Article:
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This film is played fast and loose. The Boxer’s Omen invokes the nightmarish surrealism of Lucio Fulci’s The Beyond to project a series of horrifying, lurid images that will leave most viewers reeling. You get the requisite grotesquery of the black magic spells, including actors stuffing their mouths with alligator entrails, re-regurgitated (yes, you read that right) chicken guts and even a chicken’s anus. There are squishy reanimated corpses, crucified bats, floating neon demons, levitating heads with dangling blood vessels that choke, a nude she-devil emerging from a (real) dead crocodile womb and this only scratches the surface of our hero’s journey as he descends further into black magic Hell.

There’s a deep religiosity to The Boxer’s Omen though. Its depictions of both Buddhism and Thai black magic – although wild – are rooted in knowledge. It’s phenomenally well-shot and, while clearly not likely to be everybody’s cup of (psychedelic) tea, essential viewing for anyone interested in Asian horror.

Centipede Horror (1982)

Suet Ming Chan wrote only two movies; this and the even more reprehensible Red Spell Spells Red. I think I love her but, at the same time, am utterly terrified of her. What kind of mind…!

Centipede Horror is a classic Chinese black magic tale: A woman goes to South East Asia and doesn’t wear the protective amulet her brother gives her. As a result, she ends up being cursed by a sorcerer who puts the horrible “centipede spell” on her. She dies quite quickly but her brother and his girlfriend investigate, only to find themselves trapped in a never-ending cycle of revenge and torture… and centipedes. Oh my God, so many, many centipedes.

This has some pretty nasty animal and human cruelty in it, peaking with an extended scene in which Margaret Li vomits up a battalion of live centipedes. The scene – one of the most iconic yet repulsive of the genre – uses merciless long takes and feels like it goes on forever, making I’m A Celebrity look like Celebrity Squares. Yet, in addition to the sadism, there’s a genuine, deep sense of exotic darkness to this film and the fact that it’s surprisingly well-made only makes it worse. Admittedly, the plot gets tangled up in flashbacks but Centipede Horror has a creepy power that’s hard to deny. I don’t think many could watch this and be totally unaffected.

Red Spell Spells Red (1983)

If you’ve got this far down the list, there’s only really one film left to ensure, once and for all, that your brain is obliterated. Red Spell Spells Red is ultra-dark with a weird, intense atmosphere of evil from the very first scene, in which a Red Dwarf Sorcerer is imprisoned in a barrel by a group of masked wizards. Hundreds of years later, a hapless film crew opens the barrel and are (stupidly) surprised to find that this unleashes a vile ancient curse…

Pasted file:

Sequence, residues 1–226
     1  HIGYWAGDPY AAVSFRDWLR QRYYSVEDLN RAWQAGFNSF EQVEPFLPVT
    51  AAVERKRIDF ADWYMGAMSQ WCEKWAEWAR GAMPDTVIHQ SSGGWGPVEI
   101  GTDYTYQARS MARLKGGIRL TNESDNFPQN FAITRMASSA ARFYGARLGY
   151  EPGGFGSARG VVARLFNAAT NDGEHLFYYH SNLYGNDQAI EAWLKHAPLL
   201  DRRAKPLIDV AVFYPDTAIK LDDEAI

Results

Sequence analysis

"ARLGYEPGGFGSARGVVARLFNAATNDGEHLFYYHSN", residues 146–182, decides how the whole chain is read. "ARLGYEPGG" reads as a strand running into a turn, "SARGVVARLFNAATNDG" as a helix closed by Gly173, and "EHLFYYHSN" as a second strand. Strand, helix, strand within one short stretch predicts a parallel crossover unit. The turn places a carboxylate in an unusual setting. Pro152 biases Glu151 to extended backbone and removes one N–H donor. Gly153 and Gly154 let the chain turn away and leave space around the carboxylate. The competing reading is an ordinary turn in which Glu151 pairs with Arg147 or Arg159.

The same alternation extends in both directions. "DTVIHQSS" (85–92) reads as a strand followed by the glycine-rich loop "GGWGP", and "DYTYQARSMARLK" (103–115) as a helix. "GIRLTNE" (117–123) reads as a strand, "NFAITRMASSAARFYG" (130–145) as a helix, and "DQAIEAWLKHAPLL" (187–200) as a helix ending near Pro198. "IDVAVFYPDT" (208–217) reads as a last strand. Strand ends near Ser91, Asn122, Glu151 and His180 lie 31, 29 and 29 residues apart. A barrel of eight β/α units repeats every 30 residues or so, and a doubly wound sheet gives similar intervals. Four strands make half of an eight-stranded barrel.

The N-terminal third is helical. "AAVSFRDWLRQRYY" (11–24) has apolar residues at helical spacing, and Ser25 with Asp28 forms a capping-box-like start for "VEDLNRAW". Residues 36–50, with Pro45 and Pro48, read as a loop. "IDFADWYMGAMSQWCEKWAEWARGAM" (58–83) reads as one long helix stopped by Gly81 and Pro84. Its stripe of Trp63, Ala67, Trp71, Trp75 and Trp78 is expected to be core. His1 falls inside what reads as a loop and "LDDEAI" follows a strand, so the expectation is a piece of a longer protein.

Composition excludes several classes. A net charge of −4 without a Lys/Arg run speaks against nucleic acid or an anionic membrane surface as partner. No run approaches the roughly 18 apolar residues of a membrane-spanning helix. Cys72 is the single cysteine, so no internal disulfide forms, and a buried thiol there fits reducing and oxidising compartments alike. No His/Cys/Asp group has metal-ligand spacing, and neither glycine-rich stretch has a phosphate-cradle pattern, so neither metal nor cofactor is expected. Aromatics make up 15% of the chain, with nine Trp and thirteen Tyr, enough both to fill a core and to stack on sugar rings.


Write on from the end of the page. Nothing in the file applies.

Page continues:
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Oddly, the film takes its main cues from a couple of popular western films that would never knowingly collide elsewhere – Cannibal Holocaust and The Evil Dead – but puts its own eastern spin on both.

There is a perhaps unprecedented level of repellent animal violence in this film and it’s tough to sit through these scenes, especially one where a man eats a live chicken, piece by piece. The red spell of the title involves scorpions crawling out of the body so we get to watch some truly unfortunate actors cover their flesh in live scorpions while being flung around on wires that don’t look at all safe. They even set themselves on fire while, literally, coated in scorpions. None of this is big or clever and but adds an edge of tension to watching the film. It’s very likely that something that will sicken or appal you could show up at any second.

It is, however, very effectively constructed. The photography is fantastic. You’d never place this as 1983 if you didn’t know. It has a fresh, modern visual style that really didn’t come into vogue until the flashier late 80s. The plot is slight but it’s well-paced and the supernatural stuff – not to mention the Dwarf Sorcerer himself – is seriously creepy. Red Spell Spells Red may be a problematic film (which explains why it’s still not really had a wide release in the digital age) but I have to give it credit because few conjure such a sinister, unwholesome atmosphere so successfully. An experience.

[Please note Den Of Geek cannot be held responsible, should you watch these films, for any damage to the mind, the spirit or the vital organs that may occur. If you find insects beneath the skin or gooey members of the recently deceased floating above your bed, Den Of Geek suggests you locate a Buddhist.]